As silicon valley goes about disrupting one industry after another, it has at this point in time, laid it’s sights on the combined fuzz of commerce, social networks, mobility, and payments.
In the quest of the holy grail for a system that understands consumers and anticipates their likes and dislikes across several dimensions, a group of companies are at the precipice of a massive opportunity to build the ultimate system of systems (SoS). This SoS combines identity, commerce (online & brick-mortar), social networking, mobility, and likes/dislike across services (both traditional services, and information services).
Let’s first start out with my premise of why we are far from the end. As much as we like to believe otherwise, the vast majority of commerce still occurs “offline”, i.e. happens away from your computer desk. The majority of this offline commerce also happens within a relatively short driving distance of the domicile or work place of the average consumer. Therefore, while the world is flat, you still buy the majority of your consumables from your neighborhood. Note: my argument is focused around the “transaction”, and not the production of goods and services.
I will now describe the capabilities of the SoS, and then towards the end of the article prescribe a method to tie it all together.
The SoS is a platform that provides each user with a hub for the consumers digital life: an interface to manage and manipulate incoming/outgoing communications of all types (personal, professional, social, financial, medical, entertainment, news, etc). This first piece is an anchor tenant of the system: since this is the interface which enjoys the greatest amount of #attention from a user. Until 5 years ago, this interface was the desktop computer, and today that is changing rapidly toward being untethered. The race to own this piece is being fought by the giants of information technology today, and there are several flavors of solutions out there. The vocal debate sparked by Chris Anderson of Wired summarizes the shifting landscape of this interface well. Let us name this interface “the hub”, for the sake of this article.
The SoS then extends the hub to the mobile experience, and brings along a few key elements such as: identity, a communication end point, the social network, a financial toolset, and some sensors. For users with smartphones today, you know what I am talking about.
Now that we’ve covered the interfaces extended by the SoS to consumers, let’s shift our focus and think about what it does for merchants and service providers.
The SoS provides merchants an interface similar to the hub, let’s call it “the register”. The register is a system that comprises of a point of sale interface, ties into the merchants CRM system, interfaces with social networks, and ties into the merchants accounting solutions. We hardly find a lot of discussion about innovation in this arena and I believe this is facet of the SoS that is the most under developed at this point in time. Yes, IBM has had point-of-sale solutions for decades, but they have hardly changed in my life time. With the exception of Square (by Jack Dorsey), I don’t know of a single startup or tech major focusing time and R&D efforts on “the register”.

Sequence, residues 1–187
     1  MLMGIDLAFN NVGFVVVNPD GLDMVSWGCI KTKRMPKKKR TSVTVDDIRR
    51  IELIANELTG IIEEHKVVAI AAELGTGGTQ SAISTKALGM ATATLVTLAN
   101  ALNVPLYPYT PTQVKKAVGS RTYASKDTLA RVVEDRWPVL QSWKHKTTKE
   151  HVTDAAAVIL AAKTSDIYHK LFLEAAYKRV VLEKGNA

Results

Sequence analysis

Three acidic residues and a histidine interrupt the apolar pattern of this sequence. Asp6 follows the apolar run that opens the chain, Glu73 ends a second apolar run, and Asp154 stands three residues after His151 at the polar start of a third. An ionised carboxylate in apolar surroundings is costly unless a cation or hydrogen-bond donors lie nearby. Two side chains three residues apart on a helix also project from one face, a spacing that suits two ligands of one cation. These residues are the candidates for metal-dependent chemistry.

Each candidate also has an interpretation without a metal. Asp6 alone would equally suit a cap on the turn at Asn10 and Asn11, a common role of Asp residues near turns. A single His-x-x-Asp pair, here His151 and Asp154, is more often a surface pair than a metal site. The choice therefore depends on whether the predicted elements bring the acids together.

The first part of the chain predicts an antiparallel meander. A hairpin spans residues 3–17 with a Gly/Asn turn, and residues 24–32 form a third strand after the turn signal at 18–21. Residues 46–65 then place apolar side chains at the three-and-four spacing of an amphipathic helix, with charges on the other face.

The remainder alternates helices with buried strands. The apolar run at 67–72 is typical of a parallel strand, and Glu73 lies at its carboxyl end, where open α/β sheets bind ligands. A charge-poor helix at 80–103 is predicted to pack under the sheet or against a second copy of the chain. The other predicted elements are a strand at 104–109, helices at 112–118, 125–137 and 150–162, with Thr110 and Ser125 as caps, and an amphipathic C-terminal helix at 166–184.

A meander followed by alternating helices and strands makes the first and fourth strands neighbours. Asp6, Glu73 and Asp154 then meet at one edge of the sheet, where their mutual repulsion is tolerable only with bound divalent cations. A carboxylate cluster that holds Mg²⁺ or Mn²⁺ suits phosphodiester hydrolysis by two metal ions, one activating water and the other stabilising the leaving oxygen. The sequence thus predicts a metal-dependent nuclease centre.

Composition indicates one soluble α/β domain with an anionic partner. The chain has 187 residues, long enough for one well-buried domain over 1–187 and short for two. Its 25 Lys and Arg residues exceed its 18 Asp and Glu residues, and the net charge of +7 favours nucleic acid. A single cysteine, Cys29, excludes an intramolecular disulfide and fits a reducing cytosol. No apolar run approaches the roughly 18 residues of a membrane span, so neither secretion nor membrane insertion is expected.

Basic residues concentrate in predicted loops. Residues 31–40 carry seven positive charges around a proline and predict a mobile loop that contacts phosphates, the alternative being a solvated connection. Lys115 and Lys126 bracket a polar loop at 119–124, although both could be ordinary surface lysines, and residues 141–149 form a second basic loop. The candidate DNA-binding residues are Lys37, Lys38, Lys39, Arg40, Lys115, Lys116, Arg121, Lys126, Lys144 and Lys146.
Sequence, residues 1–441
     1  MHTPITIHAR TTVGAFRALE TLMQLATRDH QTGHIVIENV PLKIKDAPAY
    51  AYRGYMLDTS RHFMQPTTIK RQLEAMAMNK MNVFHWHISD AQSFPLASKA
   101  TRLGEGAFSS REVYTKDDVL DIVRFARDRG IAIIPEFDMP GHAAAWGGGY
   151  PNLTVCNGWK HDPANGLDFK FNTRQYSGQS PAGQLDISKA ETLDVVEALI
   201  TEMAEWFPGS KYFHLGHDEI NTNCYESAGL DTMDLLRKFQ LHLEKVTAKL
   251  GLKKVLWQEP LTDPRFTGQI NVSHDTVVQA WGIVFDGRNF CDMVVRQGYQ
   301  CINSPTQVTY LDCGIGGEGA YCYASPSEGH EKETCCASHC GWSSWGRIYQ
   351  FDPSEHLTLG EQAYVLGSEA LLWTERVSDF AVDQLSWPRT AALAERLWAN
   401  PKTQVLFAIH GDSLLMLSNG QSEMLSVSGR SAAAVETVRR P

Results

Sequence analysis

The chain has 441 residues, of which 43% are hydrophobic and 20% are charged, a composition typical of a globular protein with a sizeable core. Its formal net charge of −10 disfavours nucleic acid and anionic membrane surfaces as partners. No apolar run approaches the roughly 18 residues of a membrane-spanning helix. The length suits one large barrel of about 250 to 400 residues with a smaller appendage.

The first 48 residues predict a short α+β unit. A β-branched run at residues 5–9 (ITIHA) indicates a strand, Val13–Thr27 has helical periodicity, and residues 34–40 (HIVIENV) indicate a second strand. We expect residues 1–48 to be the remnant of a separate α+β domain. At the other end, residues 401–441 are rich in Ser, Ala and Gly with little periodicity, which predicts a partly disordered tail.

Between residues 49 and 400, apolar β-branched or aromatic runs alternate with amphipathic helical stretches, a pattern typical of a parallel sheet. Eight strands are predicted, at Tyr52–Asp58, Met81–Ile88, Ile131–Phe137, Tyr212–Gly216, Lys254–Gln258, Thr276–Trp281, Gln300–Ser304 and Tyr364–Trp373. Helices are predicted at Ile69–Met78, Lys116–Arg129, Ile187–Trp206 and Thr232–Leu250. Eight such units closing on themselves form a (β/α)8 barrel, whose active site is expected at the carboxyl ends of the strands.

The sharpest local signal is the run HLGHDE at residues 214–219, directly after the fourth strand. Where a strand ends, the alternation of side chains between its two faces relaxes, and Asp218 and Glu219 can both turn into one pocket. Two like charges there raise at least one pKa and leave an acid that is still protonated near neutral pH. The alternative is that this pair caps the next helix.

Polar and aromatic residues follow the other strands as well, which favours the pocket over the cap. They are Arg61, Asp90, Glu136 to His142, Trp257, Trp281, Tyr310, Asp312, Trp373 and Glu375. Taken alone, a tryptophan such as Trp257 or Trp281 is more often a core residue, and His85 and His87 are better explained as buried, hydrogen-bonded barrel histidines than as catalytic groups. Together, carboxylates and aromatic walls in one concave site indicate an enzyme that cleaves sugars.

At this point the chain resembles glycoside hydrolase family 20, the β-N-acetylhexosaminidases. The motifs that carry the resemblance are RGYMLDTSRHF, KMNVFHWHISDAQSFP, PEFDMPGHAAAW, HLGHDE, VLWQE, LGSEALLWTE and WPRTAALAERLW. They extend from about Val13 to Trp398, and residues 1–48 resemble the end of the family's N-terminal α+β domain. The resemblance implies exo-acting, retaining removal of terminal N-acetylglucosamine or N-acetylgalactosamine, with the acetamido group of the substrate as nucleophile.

Tying the millions of registers and billions of hubs together is the central fabric of the SoS that extracts context from transactions conducted between the various hubs and registers connected with each other. While the central fabric is built on top of the Internet, it is not the internet itself: but has a combination of capabilities possessed by a search engine, a recommendation system, a social broadcasting system, and a trusted provider (bank). These different components put together comprise the SoS.
The end game that the tech giants are chasing is to build and own this central fabric, its engines, and it’s interfaces for consumers and merchants.
Google and it’s Android platform are best suited to realize this SoS.
The Google search engine is a dominant onramp to the internet, Gmail and the Google Apps suite is fast supplanting the Microsoft Windows desktop paradigm, and Android is fast becoming a pervasive mobile hub. While Google has failed to own the social networking experience, they play well with tying into them from other Google services.
The biggest gap in their portfolio is a foray into owning “the register”, and providing a value exchange to merchants to incentivize them to adopt. The Android platform in it’s tablet avatar is a good starting point. Tie it with other services described above and allow the transaction to flow. Merchants get subsidized analytics and broadcasting tools in exchange for adopting the Android platform.
If I had a venture fund, or access to large financial resources, I would invest in a business or a project to go after the register.